DETROIT -- Henrik Zetterberg
hadn't had a major penalty in his 634 NHL regular-season games -- until Saturday night.
Zetterberg was given a boarding major and a game misconduct midway through the third period of Detroit's 3-2 shootout win against Columbus for an incident in which Jackets defenseman Nikita Nikitin
appeared to be injured seriously.
Nikitin appeared to lose an edge and crash feet first into the end boards in his own zone after Zetterberg skated up from behind and put his left hand on Nikitin's lower back at full speed. Nikitin needed help getting off the ice and didn't return – signaling that the Jackets' already-depleted back end might get even thinner for an extended period of time without one of their top two blueliners.
Left Wing - DET
GOALS: 9 | ASST: 25 | PTS: 34
SOG: 148 | +/-: 4
"I did see it [after the game]," Columbus interim coach Todd Richards
said of the replay. "I looked at the replay. He obviously goes into the board awkward. It looks like Zetterberg puts his hand on his back just as he’s getting close, so it will be something that the League will have to look at and then make a ruling on."
The call against Zetterberg met with much displeasure from the sellout crowd of 20,066 at Joe Louis Arena, who saw the replay and felt Zetterberg didn't shove Nikitin hard enough to warrant the call.
Richards said intent to injure shouldn't be the measuring stick for those type of plays.
"It's that danger area, where guys are going into the boards and at full speed," he said. "When guys are moving, it's dangerous. It's not the physical hit. It's throwing a guy off-balance, which I think in
looking at it ... the hand on the back throws him off balance a little bit. The game is moving so fast now that, again, just a little bit here or there and you're going into the boards at full speed."
Zetterberg explained his side of what happened afterward and expressed remorse for the play.
"The puck went down to the corner and I chased down their defenseman," he said. "I had my hand on his back. I don't think I pushed him hard. He went down. It looked bad. It looks really bad, so I can't blame the referee for giving me five minutes. I really don't know what to say. It looks bad."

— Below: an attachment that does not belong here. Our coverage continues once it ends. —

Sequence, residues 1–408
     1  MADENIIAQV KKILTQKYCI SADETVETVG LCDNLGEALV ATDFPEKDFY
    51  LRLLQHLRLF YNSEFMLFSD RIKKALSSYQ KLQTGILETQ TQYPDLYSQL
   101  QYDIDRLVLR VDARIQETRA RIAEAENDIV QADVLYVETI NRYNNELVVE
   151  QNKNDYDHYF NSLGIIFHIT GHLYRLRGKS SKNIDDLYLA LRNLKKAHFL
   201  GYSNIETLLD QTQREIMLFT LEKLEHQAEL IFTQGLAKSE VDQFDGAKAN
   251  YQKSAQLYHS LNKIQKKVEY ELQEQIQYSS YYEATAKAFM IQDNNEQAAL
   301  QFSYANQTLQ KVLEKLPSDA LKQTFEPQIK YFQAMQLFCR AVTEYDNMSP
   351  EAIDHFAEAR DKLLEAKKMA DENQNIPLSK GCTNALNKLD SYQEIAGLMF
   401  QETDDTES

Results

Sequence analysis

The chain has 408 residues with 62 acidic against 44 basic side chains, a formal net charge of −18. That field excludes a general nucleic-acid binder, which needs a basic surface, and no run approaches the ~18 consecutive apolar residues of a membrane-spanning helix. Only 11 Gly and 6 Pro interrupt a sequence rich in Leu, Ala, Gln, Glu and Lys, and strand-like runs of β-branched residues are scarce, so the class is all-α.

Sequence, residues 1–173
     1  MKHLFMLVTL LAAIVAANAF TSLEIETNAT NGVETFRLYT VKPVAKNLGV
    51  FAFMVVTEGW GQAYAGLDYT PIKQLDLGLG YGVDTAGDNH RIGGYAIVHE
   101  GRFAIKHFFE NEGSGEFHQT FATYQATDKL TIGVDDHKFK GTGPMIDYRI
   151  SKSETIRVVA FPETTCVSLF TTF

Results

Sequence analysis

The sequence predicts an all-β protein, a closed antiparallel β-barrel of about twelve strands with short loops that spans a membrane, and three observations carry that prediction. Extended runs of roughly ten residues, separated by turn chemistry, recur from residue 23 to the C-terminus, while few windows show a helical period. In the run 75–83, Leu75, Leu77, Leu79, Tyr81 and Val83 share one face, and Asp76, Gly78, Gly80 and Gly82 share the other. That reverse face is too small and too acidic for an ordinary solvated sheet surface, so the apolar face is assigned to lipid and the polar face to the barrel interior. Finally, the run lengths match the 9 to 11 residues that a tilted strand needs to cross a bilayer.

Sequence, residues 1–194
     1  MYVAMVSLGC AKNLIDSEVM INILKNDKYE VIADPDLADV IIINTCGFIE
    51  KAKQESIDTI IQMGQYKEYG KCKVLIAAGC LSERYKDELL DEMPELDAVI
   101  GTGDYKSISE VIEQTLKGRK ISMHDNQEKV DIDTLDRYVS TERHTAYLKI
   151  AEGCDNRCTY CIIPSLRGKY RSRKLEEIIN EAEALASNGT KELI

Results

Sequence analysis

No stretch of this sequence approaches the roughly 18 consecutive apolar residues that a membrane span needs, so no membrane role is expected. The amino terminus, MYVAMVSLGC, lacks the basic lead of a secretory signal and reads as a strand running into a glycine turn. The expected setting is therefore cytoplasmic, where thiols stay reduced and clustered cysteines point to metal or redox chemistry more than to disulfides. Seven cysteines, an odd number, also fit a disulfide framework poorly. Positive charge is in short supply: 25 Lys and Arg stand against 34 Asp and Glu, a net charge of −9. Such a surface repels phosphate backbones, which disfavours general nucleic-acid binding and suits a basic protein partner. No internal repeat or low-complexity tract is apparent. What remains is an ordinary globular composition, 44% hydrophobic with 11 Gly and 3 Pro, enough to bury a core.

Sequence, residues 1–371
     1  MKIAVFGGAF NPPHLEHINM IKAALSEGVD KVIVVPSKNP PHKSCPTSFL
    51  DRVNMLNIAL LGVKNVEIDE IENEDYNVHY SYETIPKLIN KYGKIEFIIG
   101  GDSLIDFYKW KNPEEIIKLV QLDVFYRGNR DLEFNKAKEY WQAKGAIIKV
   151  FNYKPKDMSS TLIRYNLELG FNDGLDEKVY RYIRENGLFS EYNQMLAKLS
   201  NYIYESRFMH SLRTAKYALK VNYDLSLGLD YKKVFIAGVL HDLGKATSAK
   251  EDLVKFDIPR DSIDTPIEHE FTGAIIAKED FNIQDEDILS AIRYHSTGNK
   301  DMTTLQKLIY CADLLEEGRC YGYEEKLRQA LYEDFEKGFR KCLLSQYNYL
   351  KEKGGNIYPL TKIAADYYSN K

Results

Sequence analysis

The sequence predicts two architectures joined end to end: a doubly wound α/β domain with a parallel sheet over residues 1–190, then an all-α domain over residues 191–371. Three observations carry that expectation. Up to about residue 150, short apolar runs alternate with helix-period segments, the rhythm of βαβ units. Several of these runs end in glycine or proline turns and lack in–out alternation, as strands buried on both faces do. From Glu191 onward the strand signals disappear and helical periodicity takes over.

The question now is how it will look to Brendan Shanahan
, the League's Vice President of Player Safety – who used to be a teammate of Zetterberg's in Detroit.
"You know what? It's up to Shanny ... it's up to Shanny," Zetterberg said of a potential suspension. "Shanny and the League (are) going to review this and see what they feel. The rule is the rule. I made contact and he went down. Hopefully he's OK. I didn't mean to hurt him, and we'll have to wait and see."
Zetterberg hadn't spoken with Nikitin at the time he talked with reporters, but said he would make an effort to talk to him about it at some point.
Detroit coach Mike Babcock said the play, resulting penalties and potential suspension are just part of the game now when plays like that happen.
"No, there wasn't (anything malicious), but still that's the way they're calling it," Babcock said. "They're trying to protect the D-men. I talked to [referee] Denny LaRue right away. I just said, 'Denny, is that the way you're calling it?' and he said that's the way. So why wouldn't they [call it]? We're trying to protect the players. It was an unfortunate play. I hope the guy's not hurt."